Hi,
I'm using the Meta.Numerics class UncertainMeasurementSample to fit a logistic function of the form y = A / (1 + C * exp(B * x)) to some real data representing price decay. Unfortunately, I keep getting Nonconvergence exceptions. I'd appreciate any help  the
reproduceable IronPython code is listed below:
import sys
import math
import clr
clr.AddReference('Meta.Numerics')
from Meta.Numerics.Statistics import *
# real data  no convergence
x = [65, 53, 53, 41, 41, 41, 41, 41, 41, 41, 29, 29, 29, 29]
y = [31.04, 37.01, 47.78, 51.34, 51.47, 51.32, 51.45, 52.04, 56.26, 56.28, 58.55, 57.78, 57.78, 57.79]
# artificial data  converges
#x = [0,1,2,3,4,5,6,7]
#y = [4,6,10,16,24,34,46,58]
# artificial data  no convergence
#x = [15, 14, 13, 12, 11, 10, 9, 8]
#y = [99, 98, 98, 94, 91, 86, 79, 69]
# a[0] ~ A, a[1] ~ B, a[2] ~ C, where y = A / (1 + C*exp(B*x))
def logistic(a, x): return(a[0] / (1 + a[2] * math.exp(a[1] * x)))
# a[0] ~ A, a[1] ~ B, where y = A*exp(B*x)
def exponential(a, x): return(a[0] * math.exp(a[1] * x))
def fit_curves():
A = 120; B = 0.02; C = 0.2
sample = UncertainMeasurementSample()
for i in range(0, len(x)):
sample.Add(x[i], y[i], 1.0)
print x[i], y[i]
try:
# fit exponential first  bad fit, but stable
fit1 = sample.FitToFunction(exponential, (A, B))
print 'GoodnessOfFit (exp): %s' % fit1.GoodnessOfFit.LeftProbability
print 'A: %s' % fit1.Parameter(0)
print 'B: %s' % fit1.Parameter(1)
# logistic  should be better fit, but bombs out
fit2 = sample.FitToFunction(logistic, (A, B, C))
print 'GoodnessOfFit (log): %s' % fit2.GoodnessOfFit.LeftProbability
print 'A: %s' % fit2.Parameter(0)
print 'B: %s' % fit2.Parameter(1)
print 'C: %s' % fit2.Parameter(2)
except Exception, ex:
print ex
fit_curves()


Coordinator
Mar 15, 2013 at 2:24 AM

Great to see people using the library from Iron Python! And thanks for the detailed repro. I will take a look and see what I can figure out.


Coordinator
Mar 18, 2013 at 8:17 PM

For your real data, starting from your initial values (120,0.02,0.2), it just takes the minimization algorithm longer to get to the minimum than the number of iterations it is preprogrammed to allow. If I monitor where it is going and start instead from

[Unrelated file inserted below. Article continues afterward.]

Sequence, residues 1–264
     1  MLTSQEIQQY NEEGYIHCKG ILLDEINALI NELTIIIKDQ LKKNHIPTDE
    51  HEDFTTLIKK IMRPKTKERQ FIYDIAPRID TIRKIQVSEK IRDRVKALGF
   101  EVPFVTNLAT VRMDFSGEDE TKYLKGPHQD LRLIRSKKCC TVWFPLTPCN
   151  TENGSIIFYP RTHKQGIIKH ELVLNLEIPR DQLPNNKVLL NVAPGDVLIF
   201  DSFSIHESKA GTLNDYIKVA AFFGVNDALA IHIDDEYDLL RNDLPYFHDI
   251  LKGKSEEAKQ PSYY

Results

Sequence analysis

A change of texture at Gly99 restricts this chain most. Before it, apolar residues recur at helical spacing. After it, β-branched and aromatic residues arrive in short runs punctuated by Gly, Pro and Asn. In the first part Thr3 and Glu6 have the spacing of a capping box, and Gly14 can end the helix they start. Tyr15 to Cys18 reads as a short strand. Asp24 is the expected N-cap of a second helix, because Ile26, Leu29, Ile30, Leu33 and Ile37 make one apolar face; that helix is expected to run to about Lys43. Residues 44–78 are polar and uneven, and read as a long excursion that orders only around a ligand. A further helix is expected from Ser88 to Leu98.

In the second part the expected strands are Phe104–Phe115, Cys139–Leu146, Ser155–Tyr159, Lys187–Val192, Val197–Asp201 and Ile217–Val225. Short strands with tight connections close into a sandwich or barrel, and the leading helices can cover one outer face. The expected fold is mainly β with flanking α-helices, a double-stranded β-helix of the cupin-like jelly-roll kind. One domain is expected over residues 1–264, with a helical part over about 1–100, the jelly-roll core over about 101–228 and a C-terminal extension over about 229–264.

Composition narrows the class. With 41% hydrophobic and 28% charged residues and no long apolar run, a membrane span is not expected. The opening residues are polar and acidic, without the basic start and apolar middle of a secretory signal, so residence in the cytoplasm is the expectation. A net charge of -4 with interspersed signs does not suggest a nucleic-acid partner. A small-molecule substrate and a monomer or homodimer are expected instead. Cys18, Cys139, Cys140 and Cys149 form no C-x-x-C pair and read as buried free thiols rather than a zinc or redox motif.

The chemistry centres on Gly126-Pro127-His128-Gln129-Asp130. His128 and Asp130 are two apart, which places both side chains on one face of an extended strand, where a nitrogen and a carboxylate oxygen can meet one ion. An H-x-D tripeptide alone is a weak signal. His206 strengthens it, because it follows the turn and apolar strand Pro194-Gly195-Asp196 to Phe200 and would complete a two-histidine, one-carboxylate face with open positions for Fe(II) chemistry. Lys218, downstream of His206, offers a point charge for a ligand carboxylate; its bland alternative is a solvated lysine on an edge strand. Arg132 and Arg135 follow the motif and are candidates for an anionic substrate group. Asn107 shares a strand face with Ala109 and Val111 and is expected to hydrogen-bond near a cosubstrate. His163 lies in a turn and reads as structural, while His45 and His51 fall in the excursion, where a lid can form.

initial values close to that (60, 0.07, 0.01), it converges to a minimum and returns a result. Also, note that in the end your data don't fit your function all that well: chisquared per degree of freedom is 8, for a good fit you expect it to be 1. For your
example that converges, the fit is much better.
There are a few things you can do and a few things we can do.
For you:
 Have some logic to make reasonable initial guesses for paramter values. Averages, moments, and extrema are often useful for this.
 Realize that a bad fit is much more likely to thrash about trying to find a minimum on a very nonquadratic surface than a good fit which quickly finds itself on a nice quadratic surface with a clear, unique minimum. For any given maximum allowed number
of iterations, you are much more likely to reach that limit for a bad fit than for a good fit.
For us:
 The current number of interations allowed is 33 * dimension. I have no idea where that number came from, and it seems rather low. We need to look into it.
 Really we need to allow users to tell us a different value from our default for the allowed number of iterations, as we do for integration.



Yes, I expected it had something to do with my initial values, but couldn't think of a solution. I'll give my application logic more thought, to see if I can find robust initial values based on the data.
Thanks for the support, and for a great library! It's a great complement to .Net scripting languages like IronPython and F#.